Comments From Send Parents Deleted From Marvin Rees’ Facebook Engagement

  • Comments from Send parents and carers hidden from other Facebook users under social media video
  • Video was of Mayor Marvin Rees talking about engaging with the public by leaflet and social media

The latest political drama to hit Bristol this week began on an unassuming Saturday evening. Parents and carers noticed comments they had made on a Facebook post regarding Special Educational Needs and Disabilities (Send) were being manipulated by the account administrators. The Facebook account belonged to Bristol Mayor Marvin Rees and the subject of the video was remote engagement during the forthcoming election campaigning period.

Comments made by parents and carers were hidden from the wider public, although many of them were viewable to themselves and some friends giving the impression that the comments were still there to be seen.

By lunchtime on Sunday, just 20 out of 48 comments on the post were publicly viewable. Parents and carers who had cottoned onto the the Send comments being removed made some subsequent posts calling out the action which were left up.

Facebook poster Kay Galpin asked: ‘Why are all the comments about SEND on this page being censored? Parents have a right to ask elected officials and candidates questions.’

Claire Scaife said: ‘And again, because you have hidden this comment too…. seriously? I can’t believe that you Marvin, or whoever is monitoring this page, thinks it is acceptable to delete valid comments in this way. I am really shocked.

‘Marvin, I am concerned that it appears that my earlier comment regarding SEN has been “hidden” so that only my friends/contacts can see it. This appears to have happened to several posts. I cannot see that my comment broke any rules, it was querying the provision for SEN children which seems to be a legitimate question to ask about. I’m frankly shocked that it has been hidden in this way, which gives the impression that you don’t want the general public to know about the SEND crisis. I’d appreciate it if you could reinstate my post (and others) please.’

so we are deciding to focus on having leaflets sent out, social media and other platforms.

Marvin Rees

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In the video to which the comments were made, Marvin Rees talked about why Bristol Labour had decided for ‘public health’ reasons to use post, social media and ‘other platforms’ to engage with residents during the election period.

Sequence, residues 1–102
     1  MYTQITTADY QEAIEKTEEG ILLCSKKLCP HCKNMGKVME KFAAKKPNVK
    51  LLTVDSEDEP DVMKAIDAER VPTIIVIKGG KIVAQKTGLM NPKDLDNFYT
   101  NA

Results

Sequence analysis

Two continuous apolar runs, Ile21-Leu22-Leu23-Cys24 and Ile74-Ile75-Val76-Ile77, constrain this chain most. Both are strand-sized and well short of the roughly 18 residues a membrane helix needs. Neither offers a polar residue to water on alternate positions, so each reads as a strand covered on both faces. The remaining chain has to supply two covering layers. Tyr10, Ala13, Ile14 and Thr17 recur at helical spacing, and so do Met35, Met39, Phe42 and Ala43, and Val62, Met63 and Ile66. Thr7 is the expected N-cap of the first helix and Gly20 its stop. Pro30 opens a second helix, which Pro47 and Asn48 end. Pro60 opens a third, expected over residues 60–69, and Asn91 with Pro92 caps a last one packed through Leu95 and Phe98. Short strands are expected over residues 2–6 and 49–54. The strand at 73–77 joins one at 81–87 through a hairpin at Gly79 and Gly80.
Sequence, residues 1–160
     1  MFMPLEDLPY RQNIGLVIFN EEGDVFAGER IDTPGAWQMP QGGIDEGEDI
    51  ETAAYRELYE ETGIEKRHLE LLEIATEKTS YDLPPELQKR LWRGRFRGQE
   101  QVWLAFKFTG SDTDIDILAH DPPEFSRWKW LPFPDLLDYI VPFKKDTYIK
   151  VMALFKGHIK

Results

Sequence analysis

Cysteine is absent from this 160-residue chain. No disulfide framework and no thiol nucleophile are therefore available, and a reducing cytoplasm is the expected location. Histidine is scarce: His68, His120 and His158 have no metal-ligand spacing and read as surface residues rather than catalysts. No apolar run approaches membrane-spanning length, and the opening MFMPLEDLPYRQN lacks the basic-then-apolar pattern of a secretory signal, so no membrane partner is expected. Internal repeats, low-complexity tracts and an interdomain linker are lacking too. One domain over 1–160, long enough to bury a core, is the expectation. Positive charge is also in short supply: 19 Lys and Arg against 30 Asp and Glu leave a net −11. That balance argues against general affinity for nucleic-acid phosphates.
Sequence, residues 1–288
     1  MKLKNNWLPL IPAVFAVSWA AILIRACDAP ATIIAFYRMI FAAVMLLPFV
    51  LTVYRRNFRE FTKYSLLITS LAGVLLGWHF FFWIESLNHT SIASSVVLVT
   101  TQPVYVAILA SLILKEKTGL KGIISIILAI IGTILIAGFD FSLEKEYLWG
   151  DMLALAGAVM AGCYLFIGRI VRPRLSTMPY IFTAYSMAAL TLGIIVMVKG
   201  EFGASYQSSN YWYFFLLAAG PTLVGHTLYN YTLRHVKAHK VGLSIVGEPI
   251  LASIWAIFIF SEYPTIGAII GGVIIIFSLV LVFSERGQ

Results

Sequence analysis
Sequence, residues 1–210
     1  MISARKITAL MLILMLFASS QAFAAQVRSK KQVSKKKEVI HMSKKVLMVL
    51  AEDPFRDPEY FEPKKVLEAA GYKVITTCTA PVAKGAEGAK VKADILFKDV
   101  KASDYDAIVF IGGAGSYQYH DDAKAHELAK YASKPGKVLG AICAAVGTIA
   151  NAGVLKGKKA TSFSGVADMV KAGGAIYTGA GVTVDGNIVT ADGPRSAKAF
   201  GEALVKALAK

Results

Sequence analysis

He say: “So the local elections are coming up and I know that the candidates all across the city are going to be just itching to hit the streets and knock on your doors to talk to you about their offer and to build a relationship with you and hopefully to win your vote.

“But I need to just share that within Bristol Labour, we’ve made a decision not to do that. It’s not because we don’t want to be out talking to you, hearing what’s going on for you and trying to convince you to continue the journey with us as a city leadership.

“It’s because we think that doing so would bring extra risk to the city of spreading Covid. Covid spreads person-to-person through shared contact, droplets and aerosols. By definition, if we are going house-to-house, if we were to be going house-to-house, we would be adding in the possibility of a chain of human connections that could be spreading the virus so we are deciding to focus on having leaflets sent out, social media and other platforms.

“Now, I just want to stress this is not because we don’t want to be talking to you. This is not because our candidates don’t want to be on the doorstep, they are desperate to get out. But this is because we are putting your safety ahead of our election campaign.

“Please stay safe. Take care.”

Bristol Send campaigner, Sally Kent of Bristol Send Justice in response to the deleted posts submitted an urgent question to Full Council on Tuesday 16 March asking: ‘On Saturday 13th March, some of my comments, alongside other parents and carers of children and young people with SEND, were deleted or hidden on a post on the Mayor’s Facebook page.

‘Despite the subject of this post being about engagement with the electorate, when my comments were hidden or deleted, in effect cancelled, my voice was shut down. Who accesses the Mayor’s account on Facebook and is it appropriate for these people to be deleting or hiding inoffensive comments on a Facebook page promoted and monitored by Bristol City Council? Does the council have a policy on this?’

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It was the second time in a week Labour was publicly hit by embarrassment. Councillor for Avonmouth and Lawrence Weston Jo Sergeant, published a four-page document on Twitter detailing her experiences as a member of the Labour party and local councillor.

In it she commented: ‘Basic norms of democracy and accountability are being ignored by the current leadership. Overall, the result is that it is impossible for Labour councillors to constructively engage with the Mayor and his team, and to hold him to account between elections.’

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